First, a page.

We also learned from you how to build our dreams into businesses, how to get things done. We’re going to start putting all of those things to work.


Apr 18 2011

Adams Morgan Pedestrian Mall

Night Train attended a December hearing on whether to grant a $46m tax abatement to Beztak Properties, Brian Friedman of Friedman Capital, Ian Schrager and Marriott for the development of a proposed 10-story hotel in the distinctive 4-story neighborhood of Adams Morgan. At that hearing, the two main reasons given in defense of this gift were that the hotel would bring more day-time foot traffic to Adams Morgan while increasing the area’s economic vitality and tax base.

(A special note: the proponents of the hotel were not talking about just any foot traffic; they wanted us to know that the quality of the clientele they would bring to the area would be higher than those of us who currently patronize businesses along 18th St.)

There was also some discussion of creating local jobs, though neighborhood commissioners raised concerns about how those promises would be enforced. Either way, the discussion of the project’s impact on the wellbeing of the Adams Morgan community was limited to economic arguments.

We have an alternative proposal to increase daytime foot traffic and economic vitality in Adams Morgan:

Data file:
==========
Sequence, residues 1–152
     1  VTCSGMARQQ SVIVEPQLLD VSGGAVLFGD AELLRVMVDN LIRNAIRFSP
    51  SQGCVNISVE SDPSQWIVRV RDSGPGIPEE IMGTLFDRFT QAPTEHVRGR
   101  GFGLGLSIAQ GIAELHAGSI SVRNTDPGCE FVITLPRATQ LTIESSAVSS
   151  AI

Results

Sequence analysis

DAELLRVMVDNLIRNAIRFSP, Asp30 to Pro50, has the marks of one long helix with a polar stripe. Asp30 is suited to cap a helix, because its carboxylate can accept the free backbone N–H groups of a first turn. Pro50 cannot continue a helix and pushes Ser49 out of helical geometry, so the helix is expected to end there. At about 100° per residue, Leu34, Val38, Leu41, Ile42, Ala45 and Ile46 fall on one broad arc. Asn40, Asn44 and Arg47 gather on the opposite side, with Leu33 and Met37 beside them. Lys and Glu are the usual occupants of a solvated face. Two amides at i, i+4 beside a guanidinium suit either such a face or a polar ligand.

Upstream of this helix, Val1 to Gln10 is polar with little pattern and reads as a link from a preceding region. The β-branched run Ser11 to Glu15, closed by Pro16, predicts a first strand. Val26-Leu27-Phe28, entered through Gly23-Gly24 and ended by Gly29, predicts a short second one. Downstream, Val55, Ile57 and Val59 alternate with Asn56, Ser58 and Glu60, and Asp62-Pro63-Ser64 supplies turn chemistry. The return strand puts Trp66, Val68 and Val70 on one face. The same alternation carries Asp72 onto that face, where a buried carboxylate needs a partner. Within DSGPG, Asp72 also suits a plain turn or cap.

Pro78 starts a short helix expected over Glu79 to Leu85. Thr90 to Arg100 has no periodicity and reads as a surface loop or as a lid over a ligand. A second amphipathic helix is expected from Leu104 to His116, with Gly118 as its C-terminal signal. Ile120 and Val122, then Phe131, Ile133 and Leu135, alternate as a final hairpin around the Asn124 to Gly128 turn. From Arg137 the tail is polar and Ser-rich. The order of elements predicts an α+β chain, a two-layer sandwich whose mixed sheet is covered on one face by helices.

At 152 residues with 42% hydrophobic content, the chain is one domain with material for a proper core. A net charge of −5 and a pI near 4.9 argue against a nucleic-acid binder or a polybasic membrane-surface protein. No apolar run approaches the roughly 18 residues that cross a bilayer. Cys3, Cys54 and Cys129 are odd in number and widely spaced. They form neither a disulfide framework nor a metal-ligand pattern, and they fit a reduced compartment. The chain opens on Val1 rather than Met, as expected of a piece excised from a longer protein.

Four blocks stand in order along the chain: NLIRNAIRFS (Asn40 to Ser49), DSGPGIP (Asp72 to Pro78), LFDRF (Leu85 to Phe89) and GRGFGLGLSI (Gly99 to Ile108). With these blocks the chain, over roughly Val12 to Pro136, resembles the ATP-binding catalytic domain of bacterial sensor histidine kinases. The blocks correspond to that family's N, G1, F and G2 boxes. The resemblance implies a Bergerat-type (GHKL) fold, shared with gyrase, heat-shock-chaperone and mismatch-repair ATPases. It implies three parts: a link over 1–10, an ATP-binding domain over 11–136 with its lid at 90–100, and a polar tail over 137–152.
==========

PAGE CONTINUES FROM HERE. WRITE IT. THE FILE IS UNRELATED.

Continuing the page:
Make 18th St. from Florida to Columbia a Pedestrian Mall

We have seen how dramatically such efforts have reinvigorated communities and businesses in places as diverse as downtown Charlottesville, VA; Boulder, CO; every major city in Europe; and one of the liveliest neighborhoods in Shanghai, Xin Tian Di.  Times Square in NYC is even creating a car-free zone.

The benefits of these projects have not been just economic, of course; in addition to increasing foot traffic and economic vitality, they have also strengthened the social fabric and very character of their surrounding neighborhoods in many intangible ways.

This particular proposal has been seen before, on the Adams Morgan community listserv in 2009, albeit with some concerns about how to divert bus traffic and emergency vehicles (though, we’re sure that parking, buses, and a range of other concerns could be worked out easily with the eager willingness City Council Member Jim Graham and his colleagues have shown in working with developers to bend zoning laws and height restrictions to make this hotel development possible).

Mr. Graham, in order that we may grant you the premise that you are fighting hard to win tens of millions of dollars in tax abatements for the developers of this hotel because you are deeply interested in hearing the best ideas our collective creativity can garner to benefit the wellbeing of the Adams Morgan community, would it be possible to see a comparison made of the impact on day-time foot traffic and economic vitality of Adams Morgan of the proposed hotel versus an 18th Street pedestrian mall?

If you have the means to do so, we dare you to extend your comparison to include either project’s impact on the wellbeing of Adams Morgan.

Photo Cr.ed.it.s